We´ll miss you Andy Roddick


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We&acutell miss you Andy Roddick

Robert Morgan reminisces on a career which saw the 2003 US Open champion become as loved for his quick-fire wit as for his tennis. “I’m sorry but you look like a tennis ball. All I can see is this tennis ball talking.” Classic Roddick, unable to resist a cheeky dig at a rather rotund Spanish journalist standing at the back of the press conference room, who’d made the unfortunate fashion faux-par of a bright yellow jumper with white stripes.

I was covering my first major tournament for Tennis World, the 2010 ATP World Tour Finals in London and while Roddick was the lowest ranked player in the field, no one missed his media engagements. “Andy’s always good value for money,” the Times correspondent told me as we listened in on his pre-tournament BBC interview.

But being in a Roddick press conference could be a double edged sword; if you had the nerve to pop him a question. Having sat through the monotonic, non-committal answers of most of the top players (sit in on an Andy Murray press conference and you’ll see what I mean), Roddick’s perennial honesty was refreshing.

You could always rely on him to speak his mind, in victory or defeat but if your question was not deemed worthy enough, Roddick’s curt dismissals, delivered with his classic straight-faced dry humour, were legendary.
I soon got my own taste.

Roddick had just lost his opening round-robin match to Rafa Nadal in a close three setter. “Andy, surely you can take a lot of confidence out of taking the world number one the distance?” I naively asked The response was instant and laced with sarcasm.

“Motivational. You could have a career in coaching. But I see you’re a journalist, so it can’t have worked out too well for you.”
As expected, there were plenty of hastily compiled montages of Roddick’s career which were played out during the television coverage of this year’s US Open but personally I’d have loved to have seen a medley of his finest moments in front of the press.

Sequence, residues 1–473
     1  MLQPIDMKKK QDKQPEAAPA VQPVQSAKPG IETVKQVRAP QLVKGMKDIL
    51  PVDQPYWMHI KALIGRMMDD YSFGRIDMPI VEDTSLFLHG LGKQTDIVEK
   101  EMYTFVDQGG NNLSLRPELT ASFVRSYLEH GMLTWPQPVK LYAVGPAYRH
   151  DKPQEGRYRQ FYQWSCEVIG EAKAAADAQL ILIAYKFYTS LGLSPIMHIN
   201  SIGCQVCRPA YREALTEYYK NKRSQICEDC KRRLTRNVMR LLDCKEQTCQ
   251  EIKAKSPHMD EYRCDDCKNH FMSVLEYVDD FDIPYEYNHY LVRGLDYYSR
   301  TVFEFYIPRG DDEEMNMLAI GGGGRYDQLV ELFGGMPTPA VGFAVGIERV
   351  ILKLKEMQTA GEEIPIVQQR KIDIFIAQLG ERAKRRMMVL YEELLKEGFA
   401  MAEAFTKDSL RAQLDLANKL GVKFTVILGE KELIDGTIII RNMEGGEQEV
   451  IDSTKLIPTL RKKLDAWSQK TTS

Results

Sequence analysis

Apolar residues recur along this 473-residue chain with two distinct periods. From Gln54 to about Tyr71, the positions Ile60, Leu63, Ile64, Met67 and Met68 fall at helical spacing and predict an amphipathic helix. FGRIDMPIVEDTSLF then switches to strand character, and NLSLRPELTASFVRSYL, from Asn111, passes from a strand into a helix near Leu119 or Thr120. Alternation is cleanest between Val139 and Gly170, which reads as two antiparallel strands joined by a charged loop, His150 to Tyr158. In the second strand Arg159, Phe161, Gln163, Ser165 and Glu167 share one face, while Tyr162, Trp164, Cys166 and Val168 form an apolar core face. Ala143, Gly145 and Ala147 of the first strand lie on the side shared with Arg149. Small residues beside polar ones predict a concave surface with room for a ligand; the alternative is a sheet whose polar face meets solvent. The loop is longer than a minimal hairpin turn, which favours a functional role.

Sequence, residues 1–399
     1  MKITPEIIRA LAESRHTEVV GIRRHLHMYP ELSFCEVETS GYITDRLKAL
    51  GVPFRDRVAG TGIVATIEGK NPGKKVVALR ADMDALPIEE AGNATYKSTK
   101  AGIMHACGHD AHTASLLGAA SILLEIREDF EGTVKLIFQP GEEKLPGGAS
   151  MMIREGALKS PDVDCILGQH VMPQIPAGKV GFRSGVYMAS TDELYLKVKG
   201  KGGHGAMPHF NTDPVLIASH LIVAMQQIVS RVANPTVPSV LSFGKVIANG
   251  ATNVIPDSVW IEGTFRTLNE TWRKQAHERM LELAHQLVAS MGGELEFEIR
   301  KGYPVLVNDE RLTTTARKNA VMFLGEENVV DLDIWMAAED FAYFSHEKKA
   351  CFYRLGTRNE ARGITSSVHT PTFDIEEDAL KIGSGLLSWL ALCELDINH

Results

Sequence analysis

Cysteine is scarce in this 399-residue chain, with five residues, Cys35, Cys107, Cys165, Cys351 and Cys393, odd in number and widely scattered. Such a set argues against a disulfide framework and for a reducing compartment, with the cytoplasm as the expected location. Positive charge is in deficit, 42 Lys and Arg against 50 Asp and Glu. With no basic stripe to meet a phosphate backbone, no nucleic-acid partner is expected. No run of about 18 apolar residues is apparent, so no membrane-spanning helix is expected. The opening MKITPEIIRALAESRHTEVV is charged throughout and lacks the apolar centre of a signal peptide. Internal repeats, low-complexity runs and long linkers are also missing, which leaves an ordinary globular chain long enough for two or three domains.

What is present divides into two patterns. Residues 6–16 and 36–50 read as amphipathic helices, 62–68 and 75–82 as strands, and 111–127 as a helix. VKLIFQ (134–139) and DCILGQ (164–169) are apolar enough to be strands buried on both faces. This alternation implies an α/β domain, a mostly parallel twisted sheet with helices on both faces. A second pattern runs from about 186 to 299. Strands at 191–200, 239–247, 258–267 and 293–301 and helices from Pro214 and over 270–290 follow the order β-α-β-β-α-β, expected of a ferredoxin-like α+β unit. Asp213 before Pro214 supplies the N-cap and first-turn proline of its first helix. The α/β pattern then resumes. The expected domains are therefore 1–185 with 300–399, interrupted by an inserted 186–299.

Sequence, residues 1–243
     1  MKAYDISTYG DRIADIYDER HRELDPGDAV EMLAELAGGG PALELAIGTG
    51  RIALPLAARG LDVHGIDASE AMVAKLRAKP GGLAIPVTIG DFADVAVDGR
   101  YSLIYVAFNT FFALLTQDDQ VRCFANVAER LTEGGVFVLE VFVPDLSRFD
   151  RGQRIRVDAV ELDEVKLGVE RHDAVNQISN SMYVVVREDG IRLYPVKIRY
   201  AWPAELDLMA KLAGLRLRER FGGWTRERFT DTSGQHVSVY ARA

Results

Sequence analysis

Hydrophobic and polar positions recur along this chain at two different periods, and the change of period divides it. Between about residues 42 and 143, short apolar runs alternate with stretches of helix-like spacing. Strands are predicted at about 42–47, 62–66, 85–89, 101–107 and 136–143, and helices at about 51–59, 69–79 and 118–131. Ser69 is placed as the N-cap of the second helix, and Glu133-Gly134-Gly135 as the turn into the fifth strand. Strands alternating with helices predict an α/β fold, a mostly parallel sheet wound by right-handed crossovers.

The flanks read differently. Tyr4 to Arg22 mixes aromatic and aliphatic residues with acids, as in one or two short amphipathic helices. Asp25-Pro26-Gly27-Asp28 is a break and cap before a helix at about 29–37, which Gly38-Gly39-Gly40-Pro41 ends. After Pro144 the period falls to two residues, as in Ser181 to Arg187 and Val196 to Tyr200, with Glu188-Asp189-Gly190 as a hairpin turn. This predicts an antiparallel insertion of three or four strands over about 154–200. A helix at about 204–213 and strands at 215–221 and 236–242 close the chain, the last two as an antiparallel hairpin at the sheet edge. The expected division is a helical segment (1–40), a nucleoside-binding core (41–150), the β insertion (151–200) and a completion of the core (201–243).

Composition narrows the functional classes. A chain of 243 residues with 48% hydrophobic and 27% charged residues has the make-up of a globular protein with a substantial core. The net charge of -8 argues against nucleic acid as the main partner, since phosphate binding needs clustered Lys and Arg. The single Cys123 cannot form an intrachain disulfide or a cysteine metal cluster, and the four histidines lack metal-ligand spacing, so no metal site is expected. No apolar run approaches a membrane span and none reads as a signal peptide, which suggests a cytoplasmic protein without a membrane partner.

Here’s our collection of some of Roddick’s best one-liners from down the years. “If nothing else, I’m a decent quote.”

“Who do I think’s gonna win ? Not me.” At the 2005 French Open.

“I threw everything and the kitchen sink at him, so he went into the bathroom and got the tub,” After a second successive Wimbledon final defeat to Roger Federer.

“I respect him.

I think he respects me. We always have a good laugh when we see each other in the locker room….And I try to push him over and injure him.” On his relationship with Federer

"It comes from playing like s**t.

Why would I feel confident right now? If that was the case, I don't think we'd be sitting here having this funeral-like press conference. It's just weird because, I used to like hit for a half hour and then go eat Cheetos the rest of the day, come out and drill forehands.

Now I'm really trying to make it happen, being professional, really going for it, and I miss my Cheetos." After a fourth round loss to Russia’s Igor Andreev in Indian Wells.

"Whatever I said last year, just copy it.

I'm sure it still fits." After losing in the first round of the French Open yet again (in 2006).

“It was frustrating, it was miserable. It sucked. It was terrible. Besides that it was fine.” After a 6-4, 6-0, 6-2 loss to Federer in the 2007 Australian Open semi-finals.

“If there were rankings for press conferences, I’d like to think I wouldn’t have to worry about falling out of the top five.”

Journalist: "How do you rate Gonzalez's chances?" (in the 2007 Australian Open final against Federer) Roddick: "Slim."

“He’s got ankle injuries.

And a back and a hip. And cramp. And bird flu. Anthrax. SARS, a common cold and a cough.” After his 2008 US Open quarter-final defeat to Novak Djokovic. Djokovic took yet another injury timeout at a crucial stage before going on to win in four sets.

Journalist: “When do you think you will retire ?” (at the 2011 China Open) Roddick: “I think you should retire.”

If I win a match, it’s like career appreciation day.

Then if I lose one, it’s like we should take him out in the field and shoot him in the head.” After losing to Djokovic at the Olympics earlier this summer.

Journalist: "What was your favourite press conference?" (after announcing his retirement at the US Open) Roddick: "I don't really rate press conferences.

It's not as though I leave the room fist-pumping my way down the corridor after a good one."